An Empirical Study of the Influence of Foreign Direct Investment on U.S.-China Trade Deficit
Wise, Andrew S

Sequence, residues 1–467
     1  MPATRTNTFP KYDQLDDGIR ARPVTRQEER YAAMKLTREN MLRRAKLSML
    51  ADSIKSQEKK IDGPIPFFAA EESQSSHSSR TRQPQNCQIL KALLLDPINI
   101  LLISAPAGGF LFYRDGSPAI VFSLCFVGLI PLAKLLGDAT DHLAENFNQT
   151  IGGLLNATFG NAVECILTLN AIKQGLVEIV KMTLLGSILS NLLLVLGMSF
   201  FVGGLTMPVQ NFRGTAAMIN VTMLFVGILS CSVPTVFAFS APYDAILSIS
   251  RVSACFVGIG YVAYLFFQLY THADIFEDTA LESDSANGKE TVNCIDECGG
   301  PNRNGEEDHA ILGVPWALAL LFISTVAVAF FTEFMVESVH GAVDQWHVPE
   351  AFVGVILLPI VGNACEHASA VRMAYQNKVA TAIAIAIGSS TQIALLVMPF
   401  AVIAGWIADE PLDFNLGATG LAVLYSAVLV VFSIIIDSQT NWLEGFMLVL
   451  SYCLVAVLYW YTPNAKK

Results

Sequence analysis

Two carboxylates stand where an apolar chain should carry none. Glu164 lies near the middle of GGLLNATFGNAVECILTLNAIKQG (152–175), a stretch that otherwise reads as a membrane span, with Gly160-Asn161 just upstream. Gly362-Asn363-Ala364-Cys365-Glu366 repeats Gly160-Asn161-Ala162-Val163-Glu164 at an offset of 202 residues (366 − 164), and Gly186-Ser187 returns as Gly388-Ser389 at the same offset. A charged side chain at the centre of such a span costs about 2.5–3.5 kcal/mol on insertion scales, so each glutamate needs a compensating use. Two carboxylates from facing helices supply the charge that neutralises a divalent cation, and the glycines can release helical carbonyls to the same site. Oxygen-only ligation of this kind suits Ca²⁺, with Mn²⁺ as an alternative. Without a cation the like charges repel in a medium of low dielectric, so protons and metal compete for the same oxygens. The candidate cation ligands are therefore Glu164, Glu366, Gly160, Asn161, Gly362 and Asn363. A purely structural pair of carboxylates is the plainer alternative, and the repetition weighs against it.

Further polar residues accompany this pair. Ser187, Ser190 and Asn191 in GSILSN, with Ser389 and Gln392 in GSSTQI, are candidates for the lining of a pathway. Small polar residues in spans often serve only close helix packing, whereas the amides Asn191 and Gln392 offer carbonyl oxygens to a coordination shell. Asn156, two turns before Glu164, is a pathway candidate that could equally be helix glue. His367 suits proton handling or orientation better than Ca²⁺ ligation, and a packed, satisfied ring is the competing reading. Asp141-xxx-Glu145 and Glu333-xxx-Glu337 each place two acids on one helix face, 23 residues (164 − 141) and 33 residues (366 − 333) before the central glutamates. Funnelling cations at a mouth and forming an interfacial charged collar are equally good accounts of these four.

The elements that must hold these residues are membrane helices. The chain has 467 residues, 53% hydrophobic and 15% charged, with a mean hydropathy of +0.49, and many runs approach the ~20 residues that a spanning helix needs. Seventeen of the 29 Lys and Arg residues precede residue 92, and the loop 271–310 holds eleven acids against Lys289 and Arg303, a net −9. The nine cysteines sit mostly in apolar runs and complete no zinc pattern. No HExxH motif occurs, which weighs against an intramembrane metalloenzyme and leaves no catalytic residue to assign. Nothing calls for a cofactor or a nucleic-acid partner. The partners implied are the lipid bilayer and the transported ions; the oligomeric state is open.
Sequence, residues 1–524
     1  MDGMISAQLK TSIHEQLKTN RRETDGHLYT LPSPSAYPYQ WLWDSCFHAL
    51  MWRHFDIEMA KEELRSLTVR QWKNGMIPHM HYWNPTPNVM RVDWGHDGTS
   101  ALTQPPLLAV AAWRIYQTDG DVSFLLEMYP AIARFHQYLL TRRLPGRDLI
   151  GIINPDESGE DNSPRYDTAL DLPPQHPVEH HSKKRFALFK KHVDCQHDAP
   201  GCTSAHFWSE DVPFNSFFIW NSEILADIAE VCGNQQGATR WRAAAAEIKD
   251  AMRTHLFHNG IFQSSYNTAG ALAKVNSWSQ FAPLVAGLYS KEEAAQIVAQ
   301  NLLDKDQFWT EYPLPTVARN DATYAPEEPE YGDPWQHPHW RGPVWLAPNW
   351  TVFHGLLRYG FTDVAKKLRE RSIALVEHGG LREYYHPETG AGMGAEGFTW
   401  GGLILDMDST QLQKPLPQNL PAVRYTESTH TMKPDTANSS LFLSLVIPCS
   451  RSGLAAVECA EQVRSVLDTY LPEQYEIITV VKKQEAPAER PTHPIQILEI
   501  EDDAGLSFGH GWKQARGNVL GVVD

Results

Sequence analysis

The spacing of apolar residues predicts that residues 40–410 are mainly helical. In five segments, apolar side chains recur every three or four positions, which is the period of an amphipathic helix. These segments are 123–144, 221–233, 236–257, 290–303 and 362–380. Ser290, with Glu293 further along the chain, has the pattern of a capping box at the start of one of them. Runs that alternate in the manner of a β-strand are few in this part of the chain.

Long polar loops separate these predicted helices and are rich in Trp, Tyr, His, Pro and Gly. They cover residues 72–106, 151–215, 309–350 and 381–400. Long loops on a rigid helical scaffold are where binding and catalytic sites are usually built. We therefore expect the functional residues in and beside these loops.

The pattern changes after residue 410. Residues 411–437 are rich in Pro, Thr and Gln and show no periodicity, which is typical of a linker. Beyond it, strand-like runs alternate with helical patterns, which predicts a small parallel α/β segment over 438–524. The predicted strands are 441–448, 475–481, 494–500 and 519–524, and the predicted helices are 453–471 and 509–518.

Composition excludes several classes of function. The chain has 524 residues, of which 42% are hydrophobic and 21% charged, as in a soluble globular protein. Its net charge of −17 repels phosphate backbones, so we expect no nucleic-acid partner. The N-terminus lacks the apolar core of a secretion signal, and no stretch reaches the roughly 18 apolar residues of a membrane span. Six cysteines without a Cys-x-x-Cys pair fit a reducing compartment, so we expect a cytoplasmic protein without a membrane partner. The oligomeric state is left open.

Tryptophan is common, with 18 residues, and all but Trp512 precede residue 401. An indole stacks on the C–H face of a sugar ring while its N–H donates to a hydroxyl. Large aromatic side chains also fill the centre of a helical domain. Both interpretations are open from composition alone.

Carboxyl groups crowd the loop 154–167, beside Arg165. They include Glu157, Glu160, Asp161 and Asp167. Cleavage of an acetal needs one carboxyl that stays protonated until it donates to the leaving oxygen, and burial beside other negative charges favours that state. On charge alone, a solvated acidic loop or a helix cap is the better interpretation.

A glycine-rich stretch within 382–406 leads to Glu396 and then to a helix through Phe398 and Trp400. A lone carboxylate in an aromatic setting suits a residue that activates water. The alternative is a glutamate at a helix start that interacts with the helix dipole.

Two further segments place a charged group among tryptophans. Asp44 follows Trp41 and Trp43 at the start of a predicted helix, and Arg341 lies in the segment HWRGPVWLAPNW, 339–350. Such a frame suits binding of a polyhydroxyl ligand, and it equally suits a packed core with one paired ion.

With a recent trend of possible trade war between the United States and China, international trade has become a hot topic and played a more important role in political world as well as for academic research. This study uses a fixed effect model with panel data from 2008 to 2016 and analyzes what affects the trade imbalance between the United States and China. The study especially focuses on the influence of Foreign Direct Investment (FDI) on the trade deficit between the two countries. A state-level analysis is added in the construction of empirical model to increase the number of total observation and determine the effects of key variables. The state-fixed effects will control for other state-invariant factors. The study concludes that FDI has a significant influence on the reduction of trade deficits. It could achieve this function through the increase of total imports and therefore reduce trade deficits. In addition, GDP also has a non-negligible influence on trade imbalance status that we should take into consideration for potential policy recommendations. The study gives policy recommendations for both sides: China should continue to seek long-term and efficient communication with the United States, while the U.S. ought to treat China equally in the market and also maintain a stable financial and economic environment.
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